Keeping Up with the Joneses: Risk Tolerance

Much has been made on the blogosphere and even on our own website about keeping up with the Joneses, the desire to maintain expenses similar to your neighbors. They bought a new Infiniti, why shouldn’t I? A similar, yet different, concept is the idea of lifestyle creep, the slow build-up of “necessary” expenses as your income increases. I myself have experience a bit of both in my career, noticing small purchases that I used to consider luxuries as being more commonplace. What I want to touch on in this article, however, is something I think is unique to the blogosphere or personal finance fanatics. I will refer to it in this article as ‘risk competition’. As a group of people who value our net worth, time and personal finance well-being there is a fair amount of healthy competition on net worth, savings rates and age of financial independence. Perhaps this competition may lead individuals to make riskier financial decisions that they are truly comfortable with.

What is your true level of risk tolerance?

Many of the other forms of competition that the personal financial blogosphere can inspire is healthy to an extent. When bloggers participate in spending holidays or saving binges it may inspire some to up their savings rate or reduce some of their unnecessary expenses. To a certain extent, this is healthy. Too much of this, however, and I would suggest that the focus is misplaced but I digress. When it comes to investment decisions, however, it becomes a more personal decision. I am not a blogger who dismisses any discussion of asset allocations with”omg! it’s a personal decision and i’m not a financial planner so do wut u feel”. I believe there is a proper asset allocation to target at certain ages and I am not shy in my own appetite for risk. I do, however, recognize that each investor’s risk tolerance is different. I do not have kids or am nearing retirement so naturally I have the capacity to take on more risk, but I also have a natural inclination to take on high-risk, high-reward opportunities (no, I have not been duped by an Ponzi schemes).

Buy now or be priced out forever!

Buy now or be priced out forever!

Where this becomes an issue is when the media or good old fashioned jealousy take place. Regret is a powerful emotional tool and the media loves to exploit other people’s gains to inspire envy. When you are a renter and you see home prices jump 12% in a city, you feel a tinge of regret at your lack of housing. If you are in bonds and see flat returns as stock returns are robust (2009-present has been extremely healthy for both bonds and stocks), you see others’ returns as a loss of opportunity. This powerful emotional response may lead investors to make suboptimal decisions given their risk appetite. If I (and I presume my co-writer PK) posted our returns this year, it will probably inspire jealousy in some of our readers. That is not to say that we are excellent investors (speaking for myself here), just that I was able to bear a lot of risk which has paid out in recent years. If in the next few years there is a major market correction, I will be the first to recognize my jealousy in more conservative asset allocations.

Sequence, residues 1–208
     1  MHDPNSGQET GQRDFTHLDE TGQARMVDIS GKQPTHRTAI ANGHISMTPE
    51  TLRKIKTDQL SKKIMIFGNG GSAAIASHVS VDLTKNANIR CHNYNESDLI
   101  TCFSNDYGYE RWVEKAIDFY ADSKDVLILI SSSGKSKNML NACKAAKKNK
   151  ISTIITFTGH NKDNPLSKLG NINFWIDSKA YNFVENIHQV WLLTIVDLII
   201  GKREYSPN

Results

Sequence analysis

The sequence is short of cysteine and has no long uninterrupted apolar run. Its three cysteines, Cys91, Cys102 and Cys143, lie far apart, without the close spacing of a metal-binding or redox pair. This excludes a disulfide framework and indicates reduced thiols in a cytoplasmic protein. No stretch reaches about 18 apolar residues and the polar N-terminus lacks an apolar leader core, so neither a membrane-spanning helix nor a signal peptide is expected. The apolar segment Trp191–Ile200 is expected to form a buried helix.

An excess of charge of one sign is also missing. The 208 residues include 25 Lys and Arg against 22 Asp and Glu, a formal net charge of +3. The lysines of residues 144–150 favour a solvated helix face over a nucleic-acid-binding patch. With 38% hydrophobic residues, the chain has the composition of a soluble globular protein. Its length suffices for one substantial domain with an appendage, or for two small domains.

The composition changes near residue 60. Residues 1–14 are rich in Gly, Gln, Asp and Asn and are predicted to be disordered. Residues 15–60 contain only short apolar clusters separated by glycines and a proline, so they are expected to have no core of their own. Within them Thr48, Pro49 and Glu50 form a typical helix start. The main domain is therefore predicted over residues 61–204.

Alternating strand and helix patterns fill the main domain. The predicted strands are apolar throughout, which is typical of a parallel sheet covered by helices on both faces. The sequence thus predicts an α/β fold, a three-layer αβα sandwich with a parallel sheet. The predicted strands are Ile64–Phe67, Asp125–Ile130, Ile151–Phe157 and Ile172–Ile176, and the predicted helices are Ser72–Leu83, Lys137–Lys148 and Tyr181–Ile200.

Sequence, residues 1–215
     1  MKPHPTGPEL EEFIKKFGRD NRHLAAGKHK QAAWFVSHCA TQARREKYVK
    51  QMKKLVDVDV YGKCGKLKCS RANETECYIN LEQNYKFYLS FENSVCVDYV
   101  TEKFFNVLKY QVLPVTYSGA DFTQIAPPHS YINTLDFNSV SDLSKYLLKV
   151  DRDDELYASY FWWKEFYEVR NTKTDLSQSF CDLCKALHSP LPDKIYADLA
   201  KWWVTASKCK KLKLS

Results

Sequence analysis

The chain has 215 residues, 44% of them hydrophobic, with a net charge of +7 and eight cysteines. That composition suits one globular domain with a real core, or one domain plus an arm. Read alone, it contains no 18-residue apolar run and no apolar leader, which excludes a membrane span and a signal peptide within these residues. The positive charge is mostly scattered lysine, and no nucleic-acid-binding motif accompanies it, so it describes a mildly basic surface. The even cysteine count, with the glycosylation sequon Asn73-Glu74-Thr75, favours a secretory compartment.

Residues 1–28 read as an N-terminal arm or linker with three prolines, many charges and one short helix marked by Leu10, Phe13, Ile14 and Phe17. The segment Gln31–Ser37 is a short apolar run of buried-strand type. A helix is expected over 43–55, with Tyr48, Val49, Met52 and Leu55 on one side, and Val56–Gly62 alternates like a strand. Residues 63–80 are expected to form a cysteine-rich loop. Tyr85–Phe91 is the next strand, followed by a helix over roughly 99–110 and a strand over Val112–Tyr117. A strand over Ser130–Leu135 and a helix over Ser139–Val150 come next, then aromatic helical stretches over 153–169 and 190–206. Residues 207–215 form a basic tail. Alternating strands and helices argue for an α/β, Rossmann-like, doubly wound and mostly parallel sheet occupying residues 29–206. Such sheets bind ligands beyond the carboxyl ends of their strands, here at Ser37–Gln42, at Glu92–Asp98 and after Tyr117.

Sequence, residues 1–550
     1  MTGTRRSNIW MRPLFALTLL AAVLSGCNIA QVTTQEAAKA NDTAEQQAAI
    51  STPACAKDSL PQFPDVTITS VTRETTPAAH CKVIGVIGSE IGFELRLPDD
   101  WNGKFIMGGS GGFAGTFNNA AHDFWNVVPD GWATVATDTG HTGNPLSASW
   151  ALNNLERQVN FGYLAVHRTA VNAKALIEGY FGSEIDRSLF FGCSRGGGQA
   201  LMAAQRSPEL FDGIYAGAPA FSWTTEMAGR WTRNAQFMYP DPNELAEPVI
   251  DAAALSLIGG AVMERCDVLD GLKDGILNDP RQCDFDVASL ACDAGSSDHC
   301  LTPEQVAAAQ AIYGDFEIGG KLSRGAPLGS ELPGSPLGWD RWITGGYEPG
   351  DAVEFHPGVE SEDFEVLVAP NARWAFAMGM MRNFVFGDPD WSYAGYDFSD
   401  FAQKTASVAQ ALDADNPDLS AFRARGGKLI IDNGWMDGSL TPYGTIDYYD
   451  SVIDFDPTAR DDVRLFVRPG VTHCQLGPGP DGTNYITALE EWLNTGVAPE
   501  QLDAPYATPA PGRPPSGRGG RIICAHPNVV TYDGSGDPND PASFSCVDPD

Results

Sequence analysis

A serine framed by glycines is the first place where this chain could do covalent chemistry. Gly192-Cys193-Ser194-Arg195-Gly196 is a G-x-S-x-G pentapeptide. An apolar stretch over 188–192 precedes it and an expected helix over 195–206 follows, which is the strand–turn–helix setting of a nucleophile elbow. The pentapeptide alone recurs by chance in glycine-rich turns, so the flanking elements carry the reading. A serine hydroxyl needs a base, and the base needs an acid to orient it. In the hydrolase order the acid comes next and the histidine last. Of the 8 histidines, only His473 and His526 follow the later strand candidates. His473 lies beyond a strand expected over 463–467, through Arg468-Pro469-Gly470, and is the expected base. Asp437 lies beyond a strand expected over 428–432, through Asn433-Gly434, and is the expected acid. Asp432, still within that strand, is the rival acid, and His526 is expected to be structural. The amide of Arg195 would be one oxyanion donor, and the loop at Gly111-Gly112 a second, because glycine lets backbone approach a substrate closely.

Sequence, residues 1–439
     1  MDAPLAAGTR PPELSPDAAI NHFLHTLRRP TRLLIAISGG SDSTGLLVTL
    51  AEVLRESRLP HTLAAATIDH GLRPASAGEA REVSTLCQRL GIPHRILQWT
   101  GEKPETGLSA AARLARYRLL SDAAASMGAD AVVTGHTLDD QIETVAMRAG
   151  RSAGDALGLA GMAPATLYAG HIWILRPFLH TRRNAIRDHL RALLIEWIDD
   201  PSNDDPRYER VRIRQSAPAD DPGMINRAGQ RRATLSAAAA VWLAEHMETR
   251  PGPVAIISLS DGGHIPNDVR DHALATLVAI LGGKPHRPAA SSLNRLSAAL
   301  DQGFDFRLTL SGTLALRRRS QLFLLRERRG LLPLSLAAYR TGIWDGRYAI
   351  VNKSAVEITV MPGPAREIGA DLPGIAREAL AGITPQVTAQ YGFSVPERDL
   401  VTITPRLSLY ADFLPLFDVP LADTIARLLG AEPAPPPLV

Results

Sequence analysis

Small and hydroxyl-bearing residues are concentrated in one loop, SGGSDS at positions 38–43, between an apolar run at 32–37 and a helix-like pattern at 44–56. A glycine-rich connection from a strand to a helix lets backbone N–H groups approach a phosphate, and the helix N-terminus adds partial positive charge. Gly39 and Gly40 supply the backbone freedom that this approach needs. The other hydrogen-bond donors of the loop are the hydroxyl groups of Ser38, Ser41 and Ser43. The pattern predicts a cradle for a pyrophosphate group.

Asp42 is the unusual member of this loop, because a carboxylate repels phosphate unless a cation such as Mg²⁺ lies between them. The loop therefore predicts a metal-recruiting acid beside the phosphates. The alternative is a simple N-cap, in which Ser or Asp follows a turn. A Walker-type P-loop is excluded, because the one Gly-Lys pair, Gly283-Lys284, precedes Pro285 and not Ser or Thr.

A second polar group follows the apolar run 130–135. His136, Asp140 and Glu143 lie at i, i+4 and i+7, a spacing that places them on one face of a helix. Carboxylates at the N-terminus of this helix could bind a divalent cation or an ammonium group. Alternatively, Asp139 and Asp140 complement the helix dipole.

Why does this matter to you?

The media does a fantastic job of highlighting outlying data points. The day trader who made millions. The house flipper who retired at age 28. The entrepreneur who struck it rich. Every story in its own very small way undermines the confidence of those who have different risk appetites.

“Look at all these people making millions off the stock market and here I am investing in stupid old bonds!”

Taking an honest appraisal of your own risk appetite is important to ground what your true allocation should be. Can you handle your net worth decreasing 30-40% in a single year? How soon do you actually think you need the money you are investing? Are you dependent on the income from investing on a day-to-day basis? These questions will help inform how you should really feel about those who speculate and make it rich in markets. It doesn’t make my reaction any less emotional, but at least I feel I am detached enough to make a rational decision after recognizing my own emotional response. I can only hope that as a writer, my own opinions on risk appetite and investing can inform and provide a reference point for discussion. I hope that those who have differing risk appetites from my own can see my own opinions and examples for what they are: a reference point and an example. Not a model that every single person in every single situation should follow.

Cheers,

Cameron Daniels

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Comments

  1. krantcents says

    There are always risks in everything we do and don’t do in life. The problem is not realizing you are taking a risk. Most people think there is always enough time to catch up on retirement savings or just enjoying life. Time is the most important advantage in investing and making good choices.

  2. says

    You’re also pointing out the risks of recency and sampling bias. We remember the guy who daytraded his way to millions while forgetting about the people who daytraded their way to a bankruptcy filing. The media doesn’t cover the vast majority of the sad trombone cases because they don’t sell ads; after all, they have murders and Washington, DC to provide all the negative news they need. The same holds true for startups. Everyone wants to think that they’re the next Facebook or Tumblr while being willfully blind to the statistics about the failure rate of startups.

    Being risk-seeking is fine. Thinking that risk only comes with rainbows, unicorns, and bacon is a fool’s errand.

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